Aluminum single hung windows are certainly one of the most common types of windows found in North American homes. They are simple to operate, easy to install and affordable even for the smallest of budgets. So why doesn’t everybody use these windows then? That’s because, like any building material, they have their strengths and their weaknesses-and being the most energy efficient isn’t one of its virtues. So what’s the best energy efficient window choice for your new home, remodel, addition or window upgrade project?
Energy Efficient or Energy Vampire?
Aluminum windows have been given a bad rap over the years when it comes to their energy efficiency. That’s because when aluminum windows were beginning to become popular, energy efficiency wasn’t really an issue like it is today. Vinyl windows took some of aluminum windows’ market share because of the fact that aluminum windows were less energy efficient than vinyl. But it’s not because of the material (i.e. aluminum or vinyl)-it’s because of the way they were built.
Aluminum does have a slightly lower R-value than vinyl, but not really enough to make a huge difference. So why do many vinyl windows almost always have a better R-value than a typical single hung aluminum window? It’s because of these four main factors listed below:
Conduction- This is basically heat from the outdoor ambient air (or your homes heater) that travels through the glass and metal frame of a window. A direct transfer of heat like this is similar to feeling heat from a hot pan through an oven mitt. Conduction is slowed but never stopped. To combat conduction, window treatments like curtains can be used to stop this energy inefficient phenomenon from taking place. Shrubs, trees and other landscaping on the outside of the window can help reduce conduction on the outside of a structure.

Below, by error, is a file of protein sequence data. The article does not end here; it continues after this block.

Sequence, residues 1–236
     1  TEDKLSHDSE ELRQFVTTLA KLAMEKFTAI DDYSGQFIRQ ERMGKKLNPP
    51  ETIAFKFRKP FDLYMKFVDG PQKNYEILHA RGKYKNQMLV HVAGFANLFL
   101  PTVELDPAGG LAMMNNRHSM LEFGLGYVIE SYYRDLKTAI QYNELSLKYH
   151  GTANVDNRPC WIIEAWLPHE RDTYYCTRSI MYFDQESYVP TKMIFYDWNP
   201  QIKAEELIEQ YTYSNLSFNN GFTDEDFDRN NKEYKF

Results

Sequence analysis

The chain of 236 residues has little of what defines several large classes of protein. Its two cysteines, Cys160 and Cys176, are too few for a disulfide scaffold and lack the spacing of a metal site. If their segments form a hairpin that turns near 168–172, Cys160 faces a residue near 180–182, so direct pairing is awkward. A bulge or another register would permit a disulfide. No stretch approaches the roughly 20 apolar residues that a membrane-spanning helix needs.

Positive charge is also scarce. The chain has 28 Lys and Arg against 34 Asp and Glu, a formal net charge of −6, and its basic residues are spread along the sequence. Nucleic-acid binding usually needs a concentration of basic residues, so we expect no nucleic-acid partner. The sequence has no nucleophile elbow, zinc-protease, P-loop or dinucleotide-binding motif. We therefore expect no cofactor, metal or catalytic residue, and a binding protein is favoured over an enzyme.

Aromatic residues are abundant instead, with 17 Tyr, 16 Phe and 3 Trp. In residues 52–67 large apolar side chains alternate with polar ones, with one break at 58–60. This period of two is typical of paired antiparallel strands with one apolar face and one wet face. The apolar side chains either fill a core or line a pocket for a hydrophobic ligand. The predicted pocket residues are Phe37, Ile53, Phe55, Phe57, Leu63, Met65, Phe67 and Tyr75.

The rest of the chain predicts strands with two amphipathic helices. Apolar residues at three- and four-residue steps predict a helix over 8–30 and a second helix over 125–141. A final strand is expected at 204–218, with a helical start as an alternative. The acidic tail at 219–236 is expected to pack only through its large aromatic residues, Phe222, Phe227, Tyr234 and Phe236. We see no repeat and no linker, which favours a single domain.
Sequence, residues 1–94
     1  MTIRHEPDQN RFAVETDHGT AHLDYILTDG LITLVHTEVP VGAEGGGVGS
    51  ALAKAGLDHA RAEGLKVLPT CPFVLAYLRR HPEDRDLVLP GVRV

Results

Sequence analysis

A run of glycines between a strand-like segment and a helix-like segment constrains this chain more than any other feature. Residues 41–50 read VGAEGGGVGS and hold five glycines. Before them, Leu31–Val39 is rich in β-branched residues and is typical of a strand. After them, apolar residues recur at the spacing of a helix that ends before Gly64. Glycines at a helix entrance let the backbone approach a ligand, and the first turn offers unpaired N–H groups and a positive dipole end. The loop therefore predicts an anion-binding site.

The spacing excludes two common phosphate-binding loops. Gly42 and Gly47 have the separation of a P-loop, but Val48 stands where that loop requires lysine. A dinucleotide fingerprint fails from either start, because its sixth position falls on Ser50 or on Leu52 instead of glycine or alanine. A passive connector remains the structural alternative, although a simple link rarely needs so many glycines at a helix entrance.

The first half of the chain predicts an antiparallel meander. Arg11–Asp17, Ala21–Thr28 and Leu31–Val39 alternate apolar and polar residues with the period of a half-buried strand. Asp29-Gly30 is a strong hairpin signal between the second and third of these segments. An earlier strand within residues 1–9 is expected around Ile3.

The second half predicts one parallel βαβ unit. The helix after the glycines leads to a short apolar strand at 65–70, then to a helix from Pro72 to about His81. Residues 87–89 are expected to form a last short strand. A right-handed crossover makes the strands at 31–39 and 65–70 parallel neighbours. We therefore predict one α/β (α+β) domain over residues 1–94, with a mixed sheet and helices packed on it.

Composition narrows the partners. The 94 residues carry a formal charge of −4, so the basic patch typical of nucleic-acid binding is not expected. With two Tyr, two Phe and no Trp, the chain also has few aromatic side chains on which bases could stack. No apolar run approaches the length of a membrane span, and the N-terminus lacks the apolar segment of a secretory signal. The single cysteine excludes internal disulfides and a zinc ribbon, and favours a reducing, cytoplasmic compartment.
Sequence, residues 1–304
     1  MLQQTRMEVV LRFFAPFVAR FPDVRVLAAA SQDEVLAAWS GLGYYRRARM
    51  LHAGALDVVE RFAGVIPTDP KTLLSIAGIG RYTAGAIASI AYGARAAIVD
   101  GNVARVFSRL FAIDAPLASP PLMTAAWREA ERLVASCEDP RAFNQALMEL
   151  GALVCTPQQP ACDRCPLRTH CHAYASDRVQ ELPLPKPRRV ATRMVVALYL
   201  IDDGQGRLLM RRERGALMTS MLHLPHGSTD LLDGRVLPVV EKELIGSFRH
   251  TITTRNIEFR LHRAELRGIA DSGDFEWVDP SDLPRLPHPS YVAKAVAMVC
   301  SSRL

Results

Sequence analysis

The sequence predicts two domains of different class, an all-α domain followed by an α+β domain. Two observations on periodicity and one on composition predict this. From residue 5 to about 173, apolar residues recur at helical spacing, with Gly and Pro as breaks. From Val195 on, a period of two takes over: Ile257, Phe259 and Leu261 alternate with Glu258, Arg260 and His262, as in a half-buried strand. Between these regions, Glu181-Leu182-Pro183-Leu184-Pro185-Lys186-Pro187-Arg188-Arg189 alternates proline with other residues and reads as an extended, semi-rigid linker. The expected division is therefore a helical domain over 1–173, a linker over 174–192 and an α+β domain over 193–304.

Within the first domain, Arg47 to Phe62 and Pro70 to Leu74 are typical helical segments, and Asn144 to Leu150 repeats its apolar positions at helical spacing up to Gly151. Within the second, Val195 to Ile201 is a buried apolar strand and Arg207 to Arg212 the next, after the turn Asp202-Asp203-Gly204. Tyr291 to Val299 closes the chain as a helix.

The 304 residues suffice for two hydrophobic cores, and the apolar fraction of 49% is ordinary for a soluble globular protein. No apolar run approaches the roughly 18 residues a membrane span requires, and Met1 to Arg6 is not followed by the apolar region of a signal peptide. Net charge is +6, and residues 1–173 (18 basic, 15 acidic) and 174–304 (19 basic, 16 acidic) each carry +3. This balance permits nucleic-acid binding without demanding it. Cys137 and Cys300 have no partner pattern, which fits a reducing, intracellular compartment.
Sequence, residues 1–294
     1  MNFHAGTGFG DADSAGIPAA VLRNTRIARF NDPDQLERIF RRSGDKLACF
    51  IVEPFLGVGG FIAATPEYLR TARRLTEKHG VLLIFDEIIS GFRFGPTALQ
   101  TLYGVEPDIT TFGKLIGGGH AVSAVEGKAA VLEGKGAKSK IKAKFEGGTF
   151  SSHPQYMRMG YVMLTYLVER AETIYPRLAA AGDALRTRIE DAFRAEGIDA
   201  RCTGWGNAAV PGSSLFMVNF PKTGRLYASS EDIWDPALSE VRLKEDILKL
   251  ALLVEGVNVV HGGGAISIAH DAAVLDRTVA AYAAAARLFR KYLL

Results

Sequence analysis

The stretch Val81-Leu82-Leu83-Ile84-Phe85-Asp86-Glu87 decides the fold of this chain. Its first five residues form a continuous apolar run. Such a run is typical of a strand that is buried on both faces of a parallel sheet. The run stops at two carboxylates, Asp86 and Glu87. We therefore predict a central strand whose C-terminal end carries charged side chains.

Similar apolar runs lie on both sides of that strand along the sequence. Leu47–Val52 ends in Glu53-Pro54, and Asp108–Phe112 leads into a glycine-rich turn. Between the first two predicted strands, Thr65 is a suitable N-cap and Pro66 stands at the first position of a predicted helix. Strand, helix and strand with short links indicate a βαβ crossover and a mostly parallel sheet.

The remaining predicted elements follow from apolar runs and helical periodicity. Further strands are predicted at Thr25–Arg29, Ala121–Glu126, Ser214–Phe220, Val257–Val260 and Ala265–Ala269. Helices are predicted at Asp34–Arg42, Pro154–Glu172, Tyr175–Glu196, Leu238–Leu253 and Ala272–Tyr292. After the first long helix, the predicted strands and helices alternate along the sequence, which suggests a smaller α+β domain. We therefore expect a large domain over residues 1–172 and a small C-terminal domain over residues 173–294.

Convection- The process of convection occurs when a large difference in air temperatures occurs between the inside and outside of the home. Hotter air loses its heat to the cooler glass surface and falls downward. Warmer air fills in the space and a circular draft of air begins to flow around the window, causing more energy to be lost in the process. A quality glazing or tinted window film will reduce over heating from convection.
Radiation- As infrared radiation from the sun passes through the window and frame; it excites the molecules within and generates heat. The more radiation allowed to pass through the window, the less energy efficient it becomes. The best way to combat heat from the sun is by installing a low-E argon gas double pane glass with a glazing.
Air Leaks- As air heats up from infrared radiation, it begins to cause a pressure difference between the outside air to inside air pressure. Wherever windows have air leaks (i.e. weather-stripping, window panes, poor installation) hot air will either attempt to escape the home (as in winter) or it will try to enter the home (as in summer). Air leaks are prevented best by quality construction and proper installation.